Picks and Pans Review: The Fly

updated 08/25/1986 AT 01:00 AM EDT

originally published 08/25/1986 AT 01:00 AM EDT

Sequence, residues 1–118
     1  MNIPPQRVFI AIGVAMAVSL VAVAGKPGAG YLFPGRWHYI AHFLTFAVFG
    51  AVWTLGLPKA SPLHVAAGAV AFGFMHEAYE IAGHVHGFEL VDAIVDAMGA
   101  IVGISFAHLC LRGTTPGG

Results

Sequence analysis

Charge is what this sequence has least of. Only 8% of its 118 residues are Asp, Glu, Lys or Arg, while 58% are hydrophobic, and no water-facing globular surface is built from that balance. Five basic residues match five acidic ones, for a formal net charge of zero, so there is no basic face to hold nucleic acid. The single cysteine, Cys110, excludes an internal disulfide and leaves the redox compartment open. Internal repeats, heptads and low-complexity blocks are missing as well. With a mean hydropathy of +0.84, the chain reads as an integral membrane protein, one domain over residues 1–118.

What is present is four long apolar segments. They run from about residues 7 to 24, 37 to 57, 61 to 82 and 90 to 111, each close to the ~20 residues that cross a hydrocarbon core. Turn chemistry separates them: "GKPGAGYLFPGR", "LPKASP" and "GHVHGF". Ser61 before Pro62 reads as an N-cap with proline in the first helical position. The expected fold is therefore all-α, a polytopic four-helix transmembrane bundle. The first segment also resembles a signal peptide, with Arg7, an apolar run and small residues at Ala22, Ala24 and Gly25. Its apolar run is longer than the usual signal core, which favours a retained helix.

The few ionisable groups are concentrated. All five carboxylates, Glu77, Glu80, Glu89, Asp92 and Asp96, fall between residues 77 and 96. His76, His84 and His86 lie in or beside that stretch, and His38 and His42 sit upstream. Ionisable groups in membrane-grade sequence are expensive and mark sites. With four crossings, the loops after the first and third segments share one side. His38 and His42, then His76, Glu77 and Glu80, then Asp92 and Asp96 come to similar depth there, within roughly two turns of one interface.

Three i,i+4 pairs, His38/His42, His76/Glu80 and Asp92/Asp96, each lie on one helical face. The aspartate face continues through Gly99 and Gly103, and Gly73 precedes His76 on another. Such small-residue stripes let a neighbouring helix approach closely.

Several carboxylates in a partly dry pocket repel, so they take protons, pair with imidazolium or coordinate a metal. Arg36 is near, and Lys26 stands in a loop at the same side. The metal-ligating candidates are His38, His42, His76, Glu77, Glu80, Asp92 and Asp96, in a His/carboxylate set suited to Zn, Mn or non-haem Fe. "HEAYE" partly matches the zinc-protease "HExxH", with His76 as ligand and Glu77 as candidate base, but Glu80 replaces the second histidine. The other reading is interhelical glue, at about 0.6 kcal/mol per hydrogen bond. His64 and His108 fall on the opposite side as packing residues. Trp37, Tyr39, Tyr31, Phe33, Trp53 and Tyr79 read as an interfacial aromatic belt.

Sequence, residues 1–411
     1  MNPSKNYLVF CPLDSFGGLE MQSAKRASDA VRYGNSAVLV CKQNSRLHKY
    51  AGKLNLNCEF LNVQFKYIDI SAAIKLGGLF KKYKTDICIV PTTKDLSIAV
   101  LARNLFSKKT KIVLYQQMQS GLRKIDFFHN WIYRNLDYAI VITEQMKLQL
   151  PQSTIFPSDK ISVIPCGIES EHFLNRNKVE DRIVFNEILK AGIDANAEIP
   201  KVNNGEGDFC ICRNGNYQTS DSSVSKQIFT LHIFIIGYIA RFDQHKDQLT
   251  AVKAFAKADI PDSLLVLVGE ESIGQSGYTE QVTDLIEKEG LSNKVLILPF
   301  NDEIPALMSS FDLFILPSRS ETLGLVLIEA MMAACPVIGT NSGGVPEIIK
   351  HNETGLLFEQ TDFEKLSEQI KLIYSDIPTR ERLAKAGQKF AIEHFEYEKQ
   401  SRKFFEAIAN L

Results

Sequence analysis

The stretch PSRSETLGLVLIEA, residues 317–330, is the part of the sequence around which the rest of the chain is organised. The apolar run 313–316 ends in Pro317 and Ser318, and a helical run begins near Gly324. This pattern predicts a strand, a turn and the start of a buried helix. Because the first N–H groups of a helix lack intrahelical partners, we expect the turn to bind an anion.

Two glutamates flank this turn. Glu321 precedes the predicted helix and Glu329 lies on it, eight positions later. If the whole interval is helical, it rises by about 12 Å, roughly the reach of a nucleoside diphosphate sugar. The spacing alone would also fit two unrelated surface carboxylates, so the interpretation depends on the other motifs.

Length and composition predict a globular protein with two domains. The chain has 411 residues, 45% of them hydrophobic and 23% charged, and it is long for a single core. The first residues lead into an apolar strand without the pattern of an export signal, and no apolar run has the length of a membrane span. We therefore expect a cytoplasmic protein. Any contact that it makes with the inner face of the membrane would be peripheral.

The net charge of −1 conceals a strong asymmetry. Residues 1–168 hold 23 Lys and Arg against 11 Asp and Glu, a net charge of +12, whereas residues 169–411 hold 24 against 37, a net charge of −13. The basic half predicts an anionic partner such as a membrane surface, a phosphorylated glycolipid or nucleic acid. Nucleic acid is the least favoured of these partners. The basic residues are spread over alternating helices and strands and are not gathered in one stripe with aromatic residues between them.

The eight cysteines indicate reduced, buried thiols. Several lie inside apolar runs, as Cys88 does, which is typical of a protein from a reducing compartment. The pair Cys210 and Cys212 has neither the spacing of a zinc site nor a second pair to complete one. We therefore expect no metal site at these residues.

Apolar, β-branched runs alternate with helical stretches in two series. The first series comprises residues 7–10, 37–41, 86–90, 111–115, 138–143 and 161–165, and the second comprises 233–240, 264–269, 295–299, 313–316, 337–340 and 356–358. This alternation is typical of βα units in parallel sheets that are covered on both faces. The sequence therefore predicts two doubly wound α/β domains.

For half this movie, Jeff Goldblum appears to be the first horror film actor in more than 50 years to have a chance at an Oscar (Fredric March was nominated for Dr. Jekyll and Mr. Hyde in 1932 and shared the award with Wallace Beery, for The Champ). In a remake of the 1958 chiller about a scientist who gradually turns into a man-size insect after botching an experiment, Goldblum demonstrates a tantalizing blend of manic enthusiasm, self-deprecating whimsy and intelligence. If Dr. Frankenstein had had this much common sense, he would have settled for inventing the toaster and saved everyone a lot of trouble. Even when Goldblum starts to transform—to the chagrin of his smartly played journalist-girlfriend, Geena (Fletch) Davis—he manages to communicate some humanity behind his increasingly monstrous exterior. The film disintegrates, though, when co-writer-director David (Videodrome) Cronenberg starts to live up to his reputation for never letting too much be enough. His intent seems to have been to make the film as nauseating as possible. Every detail of a fly's digestive system is discussed, and by way of audiovisual aids, Goldblum vomits acid all over the place. When Goldblum's human fingernails fall off, Cronenberg dwells on the scene, as he does when Goldblum starts to eat someone's leg. The fact is, of course, that any dolt could fill a movie with sickening stuff, and there's nothing scary, funny or interesting about what Cronenberg has done. It is just tedious and insulting. Get the swatter. (R)

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